Filing for chapter 11 bankruptcy can help commercial property owners stop the foreclosure process and negotiate debt with lenders. It is not a good idea to file for bankruptcy for the sole purpose of halting foreclosure proceedings. However, if renegotiating debts and rearranging assets could help you maintain your commercial property, filing for bankruptcy can automatically halt foreclosure proceedings. During Chapter 11 bankruptcy, the business typically can continue to operate and the debtor who owns the business can continue to manage the business. Chapter 11 is available to individuals, corporations, LLCs, and other business entities as well.
The entire purpose of Chapter 11 bankruptcy is to allow debtors to reorganize operations/funds in a way that allows debtors to pay back creditors. During the Chapter 11 proceedings, the lenders usually are barred from any debt collection actions. Our attorneys know the best ways to file for bankruptcy and help your business reorganize in a way that can save your property from foreclosure. If you think filing for bankruptcy may be a good option for you and your business, you should contact us today.
Deed In Lieu Of Foreclosure
A deed in lieu of foreclosure is a deed that transfers the title from the borrower who currently has title of the house to the lender. When the deed transfers the title to the lender, the lender forgives the debt the borrower owes on the property loan. While this may be ideal for some businesses, this option does mean that the property no longer belongs to you, the borrower. For company’s that are liquidating, a deed in lieu of foreclosure can be an excellent solution for avoiding the expense and lost time involved in the foreclosure process. This is another option that our experienced attorneys can walk you through if foreclosure is something your business may be facing.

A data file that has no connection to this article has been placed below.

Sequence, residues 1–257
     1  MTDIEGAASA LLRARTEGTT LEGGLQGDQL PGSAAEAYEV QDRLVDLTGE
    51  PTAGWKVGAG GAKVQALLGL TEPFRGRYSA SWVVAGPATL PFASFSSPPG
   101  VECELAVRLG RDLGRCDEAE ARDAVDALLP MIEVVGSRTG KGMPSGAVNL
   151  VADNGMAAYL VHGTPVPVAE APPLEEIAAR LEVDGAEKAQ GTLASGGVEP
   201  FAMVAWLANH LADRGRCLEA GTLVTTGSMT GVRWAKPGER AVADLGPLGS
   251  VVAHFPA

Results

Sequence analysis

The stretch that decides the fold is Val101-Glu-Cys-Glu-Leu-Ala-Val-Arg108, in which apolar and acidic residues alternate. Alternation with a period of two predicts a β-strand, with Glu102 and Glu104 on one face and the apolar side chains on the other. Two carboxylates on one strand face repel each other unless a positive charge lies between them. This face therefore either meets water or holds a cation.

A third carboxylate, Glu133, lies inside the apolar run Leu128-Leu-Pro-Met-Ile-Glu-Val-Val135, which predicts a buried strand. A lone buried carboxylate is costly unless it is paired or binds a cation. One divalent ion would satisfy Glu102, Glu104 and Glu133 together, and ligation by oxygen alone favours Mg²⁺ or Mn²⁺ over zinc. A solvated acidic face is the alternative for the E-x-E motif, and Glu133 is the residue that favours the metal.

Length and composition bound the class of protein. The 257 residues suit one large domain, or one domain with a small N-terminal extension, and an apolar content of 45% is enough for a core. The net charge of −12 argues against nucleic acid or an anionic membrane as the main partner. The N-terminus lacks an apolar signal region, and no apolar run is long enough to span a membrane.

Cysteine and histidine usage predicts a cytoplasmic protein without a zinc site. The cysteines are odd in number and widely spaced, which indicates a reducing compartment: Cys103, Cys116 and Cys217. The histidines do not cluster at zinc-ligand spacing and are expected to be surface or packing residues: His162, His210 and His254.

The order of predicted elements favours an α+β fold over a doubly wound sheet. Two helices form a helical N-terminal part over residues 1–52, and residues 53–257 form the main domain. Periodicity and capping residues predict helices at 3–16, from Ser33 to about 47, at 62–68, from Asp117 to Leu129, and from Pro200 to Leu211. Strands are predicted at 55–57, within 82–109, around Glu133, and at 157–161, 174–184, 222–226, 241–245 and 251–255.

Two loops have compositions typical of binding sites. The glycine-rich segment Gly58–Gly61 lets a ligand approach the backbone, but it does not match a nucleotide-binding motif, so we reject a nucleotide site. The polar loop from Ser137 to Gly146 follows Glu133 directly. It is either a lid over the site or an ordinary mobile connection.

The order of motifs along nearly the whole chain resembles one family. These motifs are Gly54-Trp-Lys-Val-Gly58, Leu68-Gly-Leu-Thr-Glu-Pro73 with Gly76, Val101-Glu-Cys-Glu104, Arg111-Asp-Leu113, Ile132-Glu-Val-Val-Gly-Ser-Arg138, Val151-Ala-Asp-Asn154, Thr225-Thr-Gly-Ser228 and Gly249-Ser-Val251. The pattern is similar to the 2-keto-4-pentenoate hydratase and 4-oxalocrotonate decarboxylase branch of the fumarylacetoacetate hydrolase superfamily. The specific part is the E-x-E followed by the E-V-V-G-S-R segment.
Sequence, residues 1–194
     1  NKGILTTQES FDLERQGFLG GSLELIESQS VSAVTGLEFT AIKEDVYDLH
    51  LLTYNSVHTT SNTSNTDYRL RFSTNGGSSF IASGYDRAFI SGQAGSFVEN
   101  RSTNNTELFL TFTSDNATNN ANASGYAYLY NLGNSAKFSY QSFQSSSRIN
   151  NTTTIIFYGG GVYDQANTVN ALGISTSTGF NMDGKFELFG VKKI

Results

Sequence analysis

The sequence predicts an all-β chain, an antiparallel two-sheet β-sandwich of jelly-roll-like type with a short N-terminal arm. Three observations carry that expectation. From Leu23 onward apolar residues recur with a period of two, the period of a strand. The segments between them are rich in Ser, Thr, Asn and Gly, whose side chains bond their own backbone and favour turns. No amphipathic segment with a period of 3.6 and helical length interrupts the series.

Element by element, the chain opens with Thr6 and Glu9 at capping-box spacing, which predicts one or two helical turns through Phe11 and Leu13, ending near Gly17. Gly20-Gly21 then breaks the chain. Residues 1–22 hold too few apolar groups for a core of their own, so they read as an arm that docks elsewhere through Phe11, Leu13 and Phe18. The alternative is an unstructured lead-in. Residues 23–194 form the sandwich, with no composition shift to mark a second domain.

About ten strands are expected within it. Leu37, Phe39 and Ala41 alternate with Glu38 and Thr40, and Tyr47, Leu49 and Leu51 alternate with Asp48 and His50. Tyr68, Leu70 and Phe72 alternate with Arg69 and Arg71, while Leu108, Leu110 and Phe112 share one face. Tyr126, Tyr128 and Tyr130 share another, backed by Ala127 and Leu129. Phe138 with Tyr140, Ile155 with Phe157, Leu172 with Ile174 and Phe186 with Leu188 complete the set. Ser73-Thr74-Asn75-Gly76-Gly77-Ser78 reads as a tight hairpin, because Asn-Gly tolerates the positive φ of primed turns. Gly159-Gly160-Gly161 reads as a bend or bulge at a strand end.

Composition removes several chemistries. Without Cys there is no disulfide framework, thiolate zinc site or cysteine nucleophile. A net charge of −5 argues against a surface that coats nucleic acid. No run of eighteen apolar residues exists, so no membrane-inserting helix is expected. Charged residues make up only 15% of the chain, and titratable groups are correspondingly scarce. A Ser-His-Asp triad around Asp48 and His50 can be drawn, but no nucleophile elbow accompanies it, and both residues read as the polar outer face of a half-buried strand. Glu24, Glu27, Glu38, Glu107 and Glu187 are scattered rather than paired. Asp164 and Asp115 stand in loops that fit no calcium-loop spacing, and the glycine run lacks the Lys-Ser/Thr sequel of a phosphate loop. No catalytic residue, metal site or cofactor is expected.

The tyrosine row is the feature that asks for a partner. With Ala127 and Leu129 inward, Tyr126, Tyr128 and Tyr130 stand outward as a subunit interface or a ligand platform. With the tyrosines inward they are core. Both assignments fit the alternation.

Consider Short Sale
A short sale refers to when the property is sold for less than the amount owed. A lender may agree to this type of sale in order to avoid the expense and hassle of the foreclosure process. A short sale is also a way for the borrower to avoid the expenses and headaches involved in the foreclosure process.
FAQ section (answer for these questions)
To foreclose on a commercial loan, the lender must show that the borrower on the loan has defaulted (failed to pay the loan payments) or breached the loan agreement. In New York, the lender must show a court that the borrower has failed to pay or is in breach before officially selling the home in a foreclosure process. Taking the foreclosure process into court allows the borrower to have an opportunity to be heard.
As with other sales of homes, realtors can earn a commission for working on a foreclosure sale.
Typically, banks do not cover the closing costs in a foreclosure sale, even though the bank technically is the seller in the foreclosure sale. Buyers purchasing a home in a foreclosure sale may receive reduced closing costs, or avoid closing costs entirely depending on the circumstances involved with the sale and the foreclosure.
Often, the foreclosure sale will terminate the rights of a commercial tenant. Whether the commercial lease is terminated can vary depending on the timing of when the lease was signed and what the terms of the lease are. If the lease was signed prior to the mortgage, the lease may be considered to have rights that are “senior” to the mortgage and could still be valid after the sale. However, even if the lease is older than the mortgage, the terms of the lease may stipulate that the lease is subordinate to all mortgages, which means that the foreclosure would terminate the lease. One other alternative involves an agreement between the tenant and the lender called an SNDA (short for “Subordination, Non-Disturbance and Attornment Agreement). The SNDA essentially says that the lender will not disturb the lease agreement if the mortgage goes into foreclosure. With an SNDA, the lender takes on the lease agreement after the foreclosure process.
Stop Commercial Foreclosure By Contacting A Lawyer
Finding out that your commercial property may be in the foreclosure process can be scary and overwhelming. Do not lose hope. There are likely solutions to your problems and all is not lost. We are here to help you. Let us battle for you and your property rights and help you potentially stop the foreclosure process before it is too late. Our experienced, talented attorneys are ready to assist you. We can help you by:
- Reviewing your loan information and the status of your payments
- Showing you the options you may have for avoiding foreclosure
- Negotiating with lenders and creditors to help ease your burdens
- Restructuring business plans and assets to fit your current needs
- And understanding the laws that may protect you and your business during the foreclosure process.
Contact the Law Offices of Yuriy Moshes, P.C today. at (888) 445-0234 for a free consultation. Or, submit a free consultation form so that we can contact you. We can help you determine the right path forward for you and your business.